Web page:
Saturday, Dec. 18th, 2010

Well, hellooooo. . .   (doesn’t even remotely sound like Mrs. Doubtfire in print.)

I’m on the first day of my 2 week Christmas break.  Can you spell relief?  I spell it:  r-e-d w-i-n-e and B-a-i-l-e-y-‘s.  Oh yes, every day.  Ha,ha,ha,ha. . .

I’m feeling very proud of myself — I’ve got nearly all my shopping done (just one or two hard to find things still to get) AND I’ve even started wrapping!  I swear to all that is holy I will not spend my Christmas Eve wrapping this year.  I will be drinking eggnog laced with spiced rum and bawling over A Wonderful Life.  I promise myself this.

Well, I’ve done something kind of unconventional and maybe a tad selfish this year.  I’ve decided not to put up a Christmas tree.  Gasp!  Tim and I usually put up a HUGE tree — this has caused untold arguments in past years, but not this year.

One of my reasons for not putting up a tree this year is the fact that neither of us was going to be around much to see and enjoy it.  And, it takes about 6 hours to decorate and I could barely find the time to breathe lately, let alone decorate a tree.  Then there was the fact that we weren’t entertaining AT ALL this season, so why have a tree if no one else would see it?  Then, there’s the fact that my grandkids would not be coming over to see it, either (we’re going to their house on Christmas Day)  and that pretty much sealed the deal.

I miss the sparkly lights, the ornaments that I’ve spent 31 years collecting and the lovely, fresh smell of newly cut pine, but there is next year to look forward to, and really, Christmas is about the feelings and memories we hold in our hearts, it’s not about things — which is all a tree really is in the end.

I’ve dug out the precious hand-made ornaments and cards my son made — these are the most important to me — and I’ve got them on display — so I’m happy in my little moments of wistful remembrance.  I can indulge myself with a few tears, smile and move on.  That’s what life, love and memories is all about.  Reliving, but not forgetting to live in the moment.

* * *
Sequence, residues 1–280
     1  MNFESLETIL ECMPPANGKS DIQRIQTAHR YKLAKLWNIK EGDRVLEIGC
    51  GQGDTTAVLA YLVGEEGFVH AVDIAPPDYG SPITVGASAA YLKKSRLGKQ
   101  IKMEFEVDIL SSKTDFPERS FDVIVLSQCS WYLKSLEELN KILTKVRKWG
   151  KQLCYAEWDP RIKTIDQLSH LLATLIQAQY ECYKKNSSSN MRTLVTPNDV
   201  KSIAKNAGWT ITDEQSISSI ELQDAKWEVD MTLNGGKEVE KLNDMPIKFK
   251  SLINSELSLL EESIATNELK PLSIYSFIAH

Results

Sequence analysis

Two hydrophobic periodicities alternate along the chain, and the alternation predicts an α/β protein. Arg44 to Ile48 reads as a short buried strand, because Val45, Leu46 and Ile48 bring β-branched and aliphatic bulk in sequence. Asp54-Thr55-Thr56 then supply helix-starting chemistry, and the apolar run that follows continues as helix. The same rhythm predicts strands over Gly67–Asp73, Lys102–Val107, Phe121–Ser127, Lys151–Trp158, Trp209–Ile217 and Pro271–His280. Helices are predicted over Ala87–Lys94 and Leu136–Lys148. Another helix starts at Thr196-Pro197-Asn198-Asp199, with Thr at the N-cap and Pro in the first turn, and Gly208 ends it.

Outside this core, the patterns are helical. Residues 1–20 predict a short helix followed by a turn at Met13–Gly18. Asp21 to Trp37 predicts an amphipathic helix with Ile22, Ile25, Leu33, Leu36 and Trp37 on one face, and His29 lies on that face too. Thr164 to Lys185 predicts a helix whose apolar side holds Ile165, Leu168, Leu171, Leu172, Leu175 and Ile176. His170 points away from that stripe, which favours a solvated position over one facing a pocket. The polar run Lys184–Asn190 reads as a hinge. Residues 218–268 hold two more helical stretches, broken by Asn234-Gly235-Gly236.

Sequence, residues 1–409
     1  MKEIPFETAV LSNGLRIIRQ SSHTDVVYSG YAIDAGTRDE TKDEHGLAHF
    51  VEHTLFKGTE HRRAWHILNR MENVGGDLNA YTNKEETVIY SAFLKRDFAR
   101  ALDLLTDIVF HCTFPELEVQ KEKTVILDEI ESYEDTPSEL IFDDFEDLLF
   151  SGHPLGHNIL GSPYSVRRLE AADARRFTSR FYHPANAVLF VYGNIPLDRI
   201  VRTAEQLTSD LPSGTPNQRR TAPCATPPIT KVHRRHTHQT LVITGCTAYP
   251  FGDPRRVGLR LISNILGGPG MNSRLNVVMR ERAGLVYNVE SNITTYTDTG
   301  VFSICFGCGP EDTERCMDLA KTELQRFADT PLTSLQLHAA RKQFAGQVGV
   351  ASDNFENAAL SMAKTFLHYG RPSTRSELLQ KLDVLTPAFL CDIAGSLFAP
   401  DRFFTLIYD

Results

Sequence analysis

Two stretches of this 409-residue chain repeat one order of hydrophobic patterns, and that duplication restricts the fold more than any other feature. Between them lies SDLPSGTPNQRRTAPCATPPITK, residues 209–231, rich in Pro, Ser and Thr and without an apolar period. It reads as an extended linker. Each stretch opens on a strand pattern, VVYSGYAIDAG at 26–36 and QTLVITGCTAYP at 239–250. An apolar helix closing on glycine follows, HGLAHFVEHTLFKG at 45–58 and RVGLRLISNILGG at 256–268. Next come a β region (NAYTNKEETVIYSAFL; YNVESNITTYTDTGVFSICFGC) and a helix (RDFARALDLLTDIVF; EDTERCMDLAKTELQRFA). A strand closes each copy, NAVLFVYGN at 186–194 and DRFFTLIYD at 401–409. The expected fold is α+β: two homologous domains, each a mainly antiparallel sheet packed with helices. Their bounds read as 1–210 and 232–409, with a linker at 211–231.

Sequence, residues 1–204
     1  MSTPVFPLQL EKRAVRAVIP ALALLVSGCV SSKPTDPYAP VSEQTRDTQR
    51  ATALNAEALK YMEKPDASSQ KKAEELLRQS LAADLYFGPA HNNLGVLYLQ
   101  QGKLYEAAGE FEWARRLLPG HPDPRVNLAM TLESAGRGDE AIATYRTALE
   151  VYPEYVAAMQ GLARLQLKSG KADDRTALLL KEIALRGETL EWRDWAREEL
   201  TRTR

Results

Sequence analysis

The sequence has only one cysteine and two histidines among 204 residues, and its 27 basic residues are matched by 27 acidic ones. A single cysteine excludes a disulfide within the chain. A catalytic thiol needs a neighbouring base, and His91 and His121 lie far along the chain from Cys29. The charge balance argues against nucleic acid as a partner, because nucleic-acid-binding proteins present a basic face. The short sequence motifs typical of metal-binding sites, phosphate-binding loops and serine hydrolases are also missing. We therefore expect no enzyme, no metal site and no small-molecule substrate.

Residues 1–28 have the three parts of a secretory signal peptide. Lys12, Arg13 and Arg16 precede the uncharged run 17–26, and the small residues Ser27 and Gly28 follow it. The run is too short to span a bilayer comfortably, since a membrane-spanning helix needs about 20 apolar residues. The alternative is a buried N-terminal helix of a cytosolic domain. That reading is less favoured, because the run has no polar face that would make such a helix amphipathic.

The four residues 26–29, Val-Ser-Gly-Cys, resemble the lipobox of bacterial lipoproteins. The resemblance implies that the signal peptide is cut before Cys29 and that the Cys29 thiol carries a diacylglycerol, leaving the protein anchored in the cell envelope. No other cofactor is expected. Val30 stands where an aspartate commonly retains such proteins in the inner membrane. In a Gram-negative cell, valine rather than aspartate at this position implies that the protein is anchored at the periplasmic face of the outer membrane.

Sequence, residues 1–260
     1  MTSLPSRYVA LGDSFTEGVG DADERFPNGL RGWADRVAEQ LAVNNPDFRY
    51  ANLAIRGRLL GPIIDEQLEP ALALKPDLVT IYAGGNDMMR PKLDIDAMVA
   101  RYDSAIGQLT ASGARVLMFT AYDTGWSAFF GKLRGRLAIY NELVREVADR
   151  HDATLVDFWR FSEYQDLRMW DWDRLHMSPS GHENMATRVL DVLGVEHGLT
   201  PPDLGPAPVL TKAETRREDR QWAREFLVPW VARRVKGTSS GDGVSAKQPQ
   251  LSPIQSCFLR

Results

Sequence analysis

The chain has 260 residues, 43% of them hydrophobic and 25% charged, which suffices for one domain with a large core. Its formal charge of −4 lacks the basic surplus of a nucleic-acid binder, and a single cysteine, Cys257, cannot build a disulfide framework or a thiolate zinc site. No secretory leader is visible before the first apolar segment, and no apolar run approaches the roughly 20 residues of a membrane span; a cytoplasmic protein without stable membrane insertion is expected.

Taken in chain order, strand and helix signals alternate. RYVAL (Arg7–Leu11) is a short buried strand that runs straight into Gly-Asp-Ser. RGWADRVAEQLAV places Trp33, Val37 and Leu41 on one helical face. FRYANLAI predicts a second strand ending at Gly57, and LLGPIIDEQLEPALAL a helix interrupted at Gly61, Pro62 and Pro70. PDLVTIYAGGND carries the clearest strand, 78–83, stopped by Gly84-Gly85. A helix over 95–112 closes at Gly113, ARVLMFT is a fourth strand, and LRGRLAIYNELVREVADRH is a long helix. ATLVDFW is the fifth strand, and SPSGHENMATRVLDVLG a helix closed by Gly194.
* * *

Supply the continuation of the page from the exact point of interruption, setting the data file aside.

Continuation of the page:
I feel, this year, that I’ve moved into a different phase in my Christmas-life.  Some switch has been thrown and I find myself less stressed than I’ve ever been.  I love Christmas, really love all that it stands for, but in the past I’ve always allowed myself to get bogged down with expectations.  Usually self-created.

This year none of that matters.  I made a list of all the baking I intended to do, went out and bought all the ingredients, and then, because I realized that I was essentially going to be doing it for nothing put it all away.  No hard feelings.  I’ll enjoy other people’s baking.  And I won’t have tons of it sitting around my kitchen enticing me to get fat.

Then, there’s the tree decision.

Also, I gave up all the angst that seems to come from trying to squeeze everyone in for a visit.  The guilt that follows if you think you’ve forgotten someone, or not tried hard enough to work a schedule that accommodates everyone else’s.  We’ll see people when we see them.  If it’s not during Christmas it will be in the New Year.  We’ll plan lovely, leisurely evenings where we can actually pay full attention to the details we’ve missed.

And I continue to practice my daily gratefulness ritual.  Each day, especially over these past couple of difficult weeks, I’ve reminded myself of all that I have to be grateful for.  And, this, more than anything else is what I believe in my heart has contributed to this new sense of calm with which I approach this holiday season.

Maybe being less frenetic, less frazzled makes me less interesting, but I sure like this me a lot more than the one who worried over every little detail to the point of misery.

Christmas is about love — I get it.

Wishing everyone lots of love for the holidays.  Now go be happy and make merry!

Some of the things for which I am always grateful:


Tuesday, December 14th, 2010

First off, I want to thank everyone for their kind thoughts and words.  Katie’s death was hard on all of us — she was too young, had gone through so many hardships in the time she had — and, although I like to think I’m all tough and practical — her death had a pretty sobering effect on me.  She was not MY student, not even in my classroom, but I saw her everyday, spoke to her everyday, helped her with various aspects of school life over the past three years and so she was a part of my working life.  She is missed, but as with all things, especially death, time does not wait, and we have gotten on with the business of living.

I’m going to need to open a new post in order to keep writing.

Again, many thanks to you all.

Looking towards thankfulness